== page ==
MGM Files for Chapter 11 Bankruptcy, Reaches Agreement With Carl Icahn

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MGM has filed in U.S. Bankruptcy Court in New York a financial-reorganization plan naming Spyglass Entertainment co-toppers Gary Barber and Roger Birnbaum as co-CEOs of the Century City studio.

MGM has filed in U.S. Bankruptcy Court in New York a financial-reorganization plan naming Spyglass Entertainment co-toppers Gary Barber and Roger Birnbaum as co-CEOs of the Century City studio.

The “prepackaged” Chapter 11 bankruptcy plan was approved last week by more than 100 MGM lenders, who agreed to swap almost $4 billion in debt holdings for a collective 95% stake in the Century City studio. But the final terms contained certain changes demanded by investor Carl Icahn, a big MGM debtholder. RELATED: How bankruptcy filing was held up by 11th-hour demands.

Court review of the plan is expected to take 30 days after the plan is filed. Once approved by the court, the studio restructuring will wipe out ownership positions by Providence Equity, TPG Capital, Sony, Comcast, DLJ Merchant and Quadrangle.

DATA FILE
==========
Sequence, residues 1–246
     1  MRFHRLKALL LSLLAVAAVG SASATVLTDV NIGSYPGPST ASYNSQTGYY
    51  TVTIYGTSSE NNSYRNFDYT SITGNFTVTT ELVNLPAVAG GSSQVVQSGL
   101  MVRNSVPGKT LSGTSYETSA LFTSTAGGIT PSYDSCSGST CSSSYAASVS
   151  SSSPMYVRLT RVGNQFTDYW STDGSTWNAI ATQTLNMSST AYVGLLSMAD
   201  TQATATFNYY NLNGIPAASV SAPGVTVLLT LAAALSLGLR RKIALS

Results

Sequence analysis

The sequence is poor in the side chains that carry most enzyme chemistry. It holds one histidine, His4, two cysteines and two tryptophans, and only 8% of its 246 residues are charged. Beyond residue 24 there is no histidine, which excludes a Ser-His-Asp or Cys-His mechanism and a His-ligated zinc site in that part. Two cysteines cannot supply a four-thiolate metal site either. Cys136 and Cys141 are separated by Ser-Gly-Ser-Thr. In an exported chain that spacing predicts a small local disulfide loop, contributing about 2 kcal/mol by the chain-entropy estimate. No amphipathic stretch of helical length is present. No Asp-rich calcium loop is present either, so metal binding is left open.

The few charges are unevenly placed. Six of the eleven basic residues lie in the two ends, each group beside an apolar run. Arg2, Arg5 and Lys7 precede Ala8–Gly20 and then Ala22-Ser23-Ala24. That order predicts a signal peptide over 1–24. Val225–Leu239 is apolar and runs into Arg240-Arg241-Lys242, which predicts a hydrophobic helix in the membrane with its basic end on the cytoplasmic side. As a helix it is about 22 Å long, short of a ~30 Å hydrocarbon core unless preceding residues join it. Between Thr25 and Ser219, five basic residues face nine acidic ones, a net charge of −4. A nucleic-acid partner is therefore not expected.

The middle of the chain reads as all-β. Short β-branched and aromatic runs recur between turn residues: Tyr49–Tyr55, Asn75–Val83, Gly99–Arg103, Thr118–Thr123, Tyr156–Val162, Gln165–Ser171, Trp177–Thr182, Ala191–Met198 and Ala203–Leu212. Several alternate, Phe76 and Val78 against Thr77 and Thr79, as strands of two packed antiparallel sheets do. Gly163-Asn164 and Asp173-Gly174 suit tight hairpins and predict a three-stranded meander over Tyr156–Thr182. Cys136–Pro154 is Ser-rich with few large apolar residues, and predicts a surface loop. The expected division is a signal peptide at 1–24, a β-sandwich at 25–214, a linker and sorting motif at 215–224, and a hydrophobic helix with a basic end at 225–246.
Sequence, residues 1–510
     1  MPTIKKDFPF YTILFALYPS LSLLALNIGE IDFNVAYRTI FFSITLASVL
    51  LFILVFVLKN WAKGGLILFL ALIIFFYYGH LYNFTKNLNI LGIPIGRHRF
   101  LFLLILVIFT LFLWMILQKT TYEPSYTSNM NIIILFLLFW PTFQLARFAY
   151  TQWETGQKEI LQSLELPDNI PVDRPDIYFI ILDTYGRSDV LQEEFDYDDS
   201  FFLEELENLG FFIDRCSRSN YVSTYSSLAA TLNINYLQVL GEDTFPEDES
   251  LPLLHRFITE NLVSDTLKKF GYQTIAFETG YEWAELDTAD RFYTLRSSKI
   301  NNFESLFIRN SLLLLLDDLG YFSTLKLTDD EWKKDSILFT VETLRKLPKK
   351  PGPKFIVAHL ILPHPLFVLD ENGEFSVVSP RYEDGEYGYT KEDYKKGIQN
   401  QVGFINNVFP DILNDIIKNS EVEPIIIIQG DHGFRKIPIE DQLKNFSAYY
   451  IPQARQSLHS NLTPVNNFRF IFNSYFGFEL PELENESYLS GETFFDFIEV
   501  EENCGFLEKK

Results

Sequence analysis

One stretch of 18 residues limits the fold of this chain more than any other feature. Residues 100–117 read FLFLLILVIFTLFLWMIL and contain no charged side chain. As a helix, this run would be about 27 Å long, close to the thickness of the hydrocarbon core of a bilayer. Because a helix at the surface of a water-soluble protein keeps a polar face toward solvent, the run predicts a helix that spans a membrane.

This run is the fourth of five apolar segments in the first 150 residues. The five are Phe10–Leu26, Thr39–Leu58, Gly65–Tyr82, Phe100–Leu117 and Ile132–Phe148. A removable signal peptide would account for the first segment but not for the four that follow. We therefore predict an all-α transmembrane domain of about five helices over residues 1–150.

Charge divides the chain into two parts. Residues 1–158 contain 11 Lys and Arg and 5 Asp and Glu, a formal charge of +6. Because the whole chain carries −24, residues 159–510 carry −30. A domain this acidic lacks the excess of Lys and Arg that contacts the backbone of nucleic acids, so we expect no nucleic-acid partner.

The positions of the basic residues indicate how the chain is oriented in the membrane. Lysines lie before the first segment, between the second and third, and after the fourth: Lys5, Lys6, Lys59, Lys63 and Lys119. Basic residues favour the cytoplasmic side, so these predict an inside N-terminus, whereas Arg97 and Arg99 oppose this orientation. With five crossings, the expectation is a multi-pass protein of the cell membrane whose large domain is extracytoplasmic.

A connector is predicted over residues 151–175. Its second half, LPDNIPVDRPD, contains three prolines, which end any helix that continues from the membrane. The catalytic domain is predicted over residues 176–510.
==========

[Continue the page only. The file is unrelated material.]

Icahn will end up with a sizable stake once his $400 million-plus in Lion debt is converted to equity. Icahn had been backing a rival MGM restructuring plan involving a proposed merger of MGM and Lionsgate, in which he is also a major investor.

Though the proposal has been tabled for now, some believe Icahn still will press for the merger. For now, he has won concessions including the removal of more than a dozen Spyglass film-library titles that had been included in the restructuring under the original terms.

As a result, Spyglass will get a less than 1% equity stake in MGM rather than the near 5% stake originally stipulated. Icahn will get a seat on the MGM board, along with Barber and Birnbaum.

“For many months, we have been working with our lenders to explore the strategic options available to MGM to improve MGM’s financial position and maximize the Company’s value,” MGM chief Steve Cooper, a turnaround specialist hired in August 2009 after then CEO Harry Sloan stepped down. “By sharply reducing MGM’s debt load and providing access to new capital, the proposed plan of reorganization achieves these goals. Having received approval through our recently completed solicitation process, we are pleased that the lenders support MGM’s approach. We now look forward to quickly emerging from Chapter 11.”

In a joint statement, Barber and Birnbaum said: “MGM is emerging from one of the most challenging periods of its storied history. We are honored and inspired at the prospect of leading one of Hollywood's most iconic studios into its next generation of unforgettable filmmaking, global television production and distribution, and aggressively pursuing, developing and exploiting new digital entertainment platforms.”
-The Hollywood Reporter